Mutations in microcephalin cause aberrant regulation of chromosome condensation

Marc Trimborn, Sandra M Bell, Clive Felix, Yasmin Rashid, Hussain Jafri, Paul D Griffiths, Luitgard M Neumann, Alice Krebs, André Reis, Karl Sperling, Heidemarie Neitzel, Andrew P Jackson

Research output: Contribution to journalArticlepeer-review


Microcephalin (MCPH1) is a gene mutated in primary microcephaly, an autosomal recessive neurodevelopmental disorder in which there is a marked reduction in brain size. PCC syndrome is a recently described disorder of microcephaly, short stature, and misregulated chromosome condensation. Here, we report the finding that MCPH1 primary microcephaly and PCC syndrome are allelic disorders, both having mutations in the MCPH1 gene. The two conditions share a common cellular phenotype of premature chromosome condensation in the early G2 phase of the cell cycle, which, therefore, appears to be a useful diagnostic marker for individuals with MCPH1 gene mutations. We demonstrate that an siRNA-mediated depletion of MCPH1 is sufficient to reproduce this phenotype and also show that MCPH1-deficient cells exhibit delayed decondensation postmitosis. These findings implicate microcephalin as a novel regulator of chromosome condensation and link the apparently disparate fields of neurogenesis and chromosome biology. Further characterization of MCPH1 is thus likely to lead to fundamental insights into both the regulation of chromosome condensation and neurodevelopment.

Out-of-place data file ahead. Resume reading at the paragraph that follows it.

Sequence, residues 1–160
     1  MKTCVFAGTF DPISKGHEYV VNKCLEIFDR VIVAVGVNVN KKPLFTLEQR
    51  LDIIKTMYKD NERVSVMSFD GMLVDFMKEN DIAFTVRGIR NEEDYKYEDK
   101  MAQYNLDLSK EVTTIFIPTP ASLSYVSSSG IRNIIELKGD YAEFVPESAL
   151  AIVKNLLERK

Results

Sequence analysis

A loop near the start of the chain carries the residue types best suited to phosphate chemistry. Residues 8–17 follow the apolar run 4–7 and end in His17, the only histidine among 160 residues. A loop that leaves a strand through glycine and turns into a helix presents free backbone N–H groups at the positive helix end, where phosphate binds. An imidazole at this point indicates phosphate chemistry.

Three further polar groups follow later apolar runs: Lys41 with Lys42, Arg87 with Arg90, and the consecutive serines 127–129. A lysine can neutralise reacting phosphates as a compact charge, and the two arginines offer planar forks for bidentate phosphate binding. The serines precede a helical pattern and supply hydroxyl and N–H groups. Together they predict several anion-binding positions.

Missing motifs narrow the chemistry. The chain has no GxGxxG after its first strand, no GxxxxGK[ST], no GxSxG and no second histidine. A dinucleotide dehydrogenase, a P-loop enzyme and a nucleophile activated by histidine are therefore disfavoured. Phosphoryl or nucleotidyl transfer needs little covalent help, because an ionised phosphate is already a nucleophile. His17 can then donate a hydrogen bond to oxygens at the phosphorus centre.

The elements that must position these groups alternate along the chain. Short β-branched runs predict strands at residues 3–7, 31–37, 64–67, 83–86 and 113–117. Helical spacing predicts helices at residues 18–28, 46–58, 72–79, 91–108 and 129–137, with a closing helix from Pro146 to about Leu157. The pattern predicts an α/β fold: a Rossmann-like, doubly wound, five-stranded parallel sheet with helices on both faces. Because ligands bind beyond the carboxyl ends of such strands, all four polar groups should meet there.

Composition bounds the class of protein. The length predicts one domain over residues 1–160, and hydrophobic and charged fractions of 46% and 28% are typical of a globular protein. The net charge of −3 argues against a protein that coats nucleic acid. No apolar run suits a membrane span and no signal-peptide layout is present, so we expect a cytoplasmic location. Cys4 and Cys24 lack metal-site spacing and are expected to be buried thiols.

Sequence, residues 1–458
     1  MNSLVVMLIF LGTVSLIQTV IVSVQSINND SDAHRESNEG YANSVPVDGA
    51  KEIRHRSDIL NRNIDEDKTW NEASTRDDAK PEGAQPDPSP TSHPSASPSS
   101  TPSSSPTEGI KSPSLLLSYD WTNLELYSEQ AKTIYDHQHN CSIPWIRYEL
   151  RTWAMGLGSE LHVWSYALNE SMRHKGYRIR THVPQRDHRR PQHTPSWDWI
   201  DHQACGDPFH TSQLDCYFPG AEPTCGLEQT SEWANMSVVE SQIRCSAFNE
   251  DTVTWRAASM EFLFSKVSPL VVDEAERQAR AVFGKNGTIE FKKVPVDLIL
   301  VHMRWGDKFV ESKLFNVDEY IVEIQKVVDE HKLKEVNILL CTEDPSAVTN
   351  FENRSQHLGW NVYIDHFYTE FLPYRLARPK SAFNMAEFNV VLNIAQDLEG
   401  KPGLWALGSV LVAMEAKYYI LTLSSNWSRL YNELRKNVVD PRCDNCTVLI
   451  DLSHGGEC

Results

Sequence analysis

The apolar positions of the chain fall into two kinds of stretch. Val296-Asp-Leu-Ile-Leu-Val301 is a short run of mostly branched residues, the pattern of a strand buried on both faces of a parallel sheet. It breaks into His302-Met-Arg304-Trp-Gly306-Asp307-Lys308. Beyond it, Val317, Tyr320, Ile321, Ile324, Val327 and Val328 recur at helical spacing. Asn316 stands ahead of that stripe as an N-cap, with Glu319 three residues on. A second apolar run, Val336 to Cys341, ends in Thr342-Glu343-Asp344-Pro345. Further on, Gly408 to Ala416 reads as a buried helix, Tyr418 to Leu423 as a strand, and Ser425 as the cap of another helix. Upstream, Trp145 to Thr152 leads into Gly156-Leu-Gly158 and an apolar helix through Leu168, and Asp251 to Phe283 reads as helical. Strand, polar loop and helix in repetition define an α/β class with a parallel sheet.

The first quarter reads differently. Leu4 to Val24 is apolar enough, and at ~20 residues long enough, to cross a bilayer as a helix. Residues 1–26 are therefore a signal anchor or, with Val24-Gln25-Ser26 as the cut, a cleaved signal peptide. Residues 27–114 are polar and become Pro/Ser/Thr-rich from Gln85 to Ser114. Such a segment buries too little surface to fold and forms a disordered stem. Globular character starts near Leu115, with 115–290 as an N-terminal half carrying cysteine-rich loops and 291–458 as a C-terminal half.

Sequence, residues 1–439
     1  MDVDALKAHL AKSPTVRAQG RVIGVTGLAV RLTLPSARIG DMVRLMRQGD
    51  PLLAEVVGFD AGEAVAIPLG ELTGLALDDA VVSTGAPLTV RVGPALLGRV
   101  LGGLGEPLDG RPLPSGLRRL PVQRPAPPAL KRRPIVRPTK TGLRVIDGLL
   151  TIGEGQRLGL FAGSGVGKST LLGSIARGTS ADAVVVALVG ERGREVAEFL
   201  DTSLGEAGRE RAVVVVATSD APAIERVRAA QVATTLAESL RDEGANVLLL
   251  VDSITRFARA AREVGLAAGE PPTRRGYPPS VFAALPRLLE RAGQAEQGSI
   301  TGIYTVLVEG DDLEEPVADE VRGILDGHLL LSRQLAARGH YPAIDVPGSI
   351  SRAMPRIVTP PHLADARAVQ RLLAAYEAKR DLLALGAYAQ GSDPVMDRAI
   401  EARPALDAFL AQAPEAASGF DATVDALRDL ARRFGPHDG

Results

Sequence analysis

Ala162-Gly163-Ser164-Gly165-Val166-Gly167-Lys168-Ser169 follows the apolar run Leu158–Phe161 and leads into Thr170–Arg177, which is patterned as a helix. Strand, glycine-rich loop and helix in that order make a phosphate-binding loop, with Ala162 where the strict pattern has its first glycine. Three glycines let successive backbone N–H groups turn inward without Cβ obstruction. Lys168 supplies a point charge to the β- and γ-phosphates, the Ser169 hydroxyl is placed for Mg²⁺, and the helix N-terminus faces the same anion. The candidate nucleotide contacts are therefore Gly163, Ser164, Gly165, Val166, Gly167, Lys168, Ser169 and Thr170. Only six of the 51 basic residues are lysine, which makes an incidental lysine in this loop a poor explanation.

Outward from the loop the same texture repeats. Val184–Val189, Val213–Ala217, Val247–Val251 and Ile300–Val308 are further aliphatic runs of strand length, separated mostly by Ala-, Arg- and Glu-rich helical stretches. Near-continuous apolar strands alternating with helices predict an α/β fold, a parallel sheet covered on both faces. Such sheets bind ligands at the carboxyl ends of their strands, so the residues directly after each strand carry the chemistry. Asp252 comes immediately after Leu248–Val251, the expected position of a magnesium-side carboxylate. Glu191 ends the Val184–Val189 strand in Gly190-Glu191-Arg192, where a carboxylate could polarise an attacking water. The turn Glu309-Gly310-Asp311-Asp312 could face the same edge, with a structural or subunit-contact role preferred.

Original languageEnglish
Pages (from-to)261-6
Number of pages6
JournalAmerican Journal of Human Genetics
Issue number2
Publication statusPublished - 2004


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